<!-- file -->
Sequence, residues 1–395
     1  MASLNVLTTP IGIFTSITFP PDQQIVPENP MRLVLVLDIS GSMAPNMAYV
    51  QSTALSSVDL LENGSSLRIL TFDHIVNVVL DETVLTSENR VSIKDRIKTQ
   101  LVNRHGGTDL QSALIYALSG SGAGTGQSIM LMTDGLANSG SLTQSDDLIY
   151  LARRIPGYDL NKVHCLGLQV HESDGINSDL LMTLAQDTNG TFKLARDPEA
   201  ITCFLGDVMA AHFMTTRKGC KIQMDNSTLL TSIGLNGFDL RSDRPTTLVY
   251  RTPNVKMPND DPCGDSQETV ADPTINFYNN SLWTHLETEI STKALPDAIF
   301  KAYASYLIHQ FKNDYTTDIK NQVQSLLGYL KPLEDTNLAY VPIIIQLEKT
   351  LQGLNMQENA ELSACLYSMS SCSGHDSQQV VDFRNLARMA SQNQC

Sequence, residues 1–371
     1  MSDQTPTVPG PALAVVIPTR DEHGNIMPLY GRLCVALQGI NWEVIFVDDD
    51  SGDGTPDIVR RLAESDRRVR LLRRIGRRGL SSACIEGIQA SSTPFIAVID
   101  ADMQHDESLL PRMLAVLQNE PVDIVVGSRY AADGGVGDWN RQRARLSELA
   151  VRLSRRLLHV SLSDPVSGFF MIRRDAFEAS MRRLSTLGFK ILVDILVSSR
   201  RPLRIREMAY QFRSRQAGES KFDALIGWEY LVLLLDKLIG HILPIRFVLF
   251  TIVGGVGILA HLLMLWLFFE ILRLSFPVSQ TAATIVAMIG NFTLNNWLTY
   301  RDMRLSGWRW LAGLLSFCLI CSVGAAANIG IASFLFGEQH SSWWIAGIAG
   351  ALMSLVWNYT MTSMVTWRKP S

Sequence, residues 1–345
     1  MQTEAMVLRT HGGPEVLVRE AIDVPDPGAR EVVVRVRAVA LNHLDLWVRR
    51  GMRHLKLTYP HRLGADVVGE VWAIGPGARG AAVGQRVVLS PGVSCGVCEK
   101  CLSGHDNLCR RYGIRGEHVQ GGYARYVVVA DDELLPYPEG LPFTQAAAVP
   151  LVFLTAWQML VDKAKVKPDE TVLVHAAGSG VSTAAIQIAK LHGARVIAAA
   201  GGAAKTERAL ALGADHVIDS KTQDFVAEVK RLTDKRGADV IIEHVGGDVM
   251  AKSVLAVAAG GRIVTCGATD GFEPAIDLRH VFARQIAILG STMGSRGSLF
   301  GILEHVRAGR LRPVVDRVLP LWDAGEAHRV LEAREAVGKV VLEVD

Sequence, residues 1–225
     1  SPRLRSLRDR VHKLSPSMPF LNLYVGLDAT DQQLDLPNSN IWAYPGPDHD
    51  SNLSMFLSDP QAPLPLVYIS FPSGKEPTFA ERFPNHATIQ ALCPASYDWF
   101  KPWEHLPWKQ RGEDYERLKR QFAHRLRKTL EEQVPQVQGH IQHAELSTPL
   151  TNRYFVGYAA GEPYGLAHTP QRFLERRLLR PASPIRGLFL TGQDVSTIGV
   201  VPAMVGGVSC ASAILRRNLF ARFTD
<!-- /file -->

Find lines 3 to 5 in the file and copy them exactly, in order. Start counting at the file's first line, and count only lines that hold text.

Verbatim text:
    51  QSTALSSVDL LENGSSLRIL TFDHIVNVVL DETVLTSENR VSIKDRIKTQ
   101  LVNRHGGTDL QSALIYALSG SGAGTGQSIM LMTDGLANSG SLTQSDDLIY
   151  LARRIPGYDL NKVHCLGLQV HESDGINSDL LMTLAQDTNG TFKLARDPEA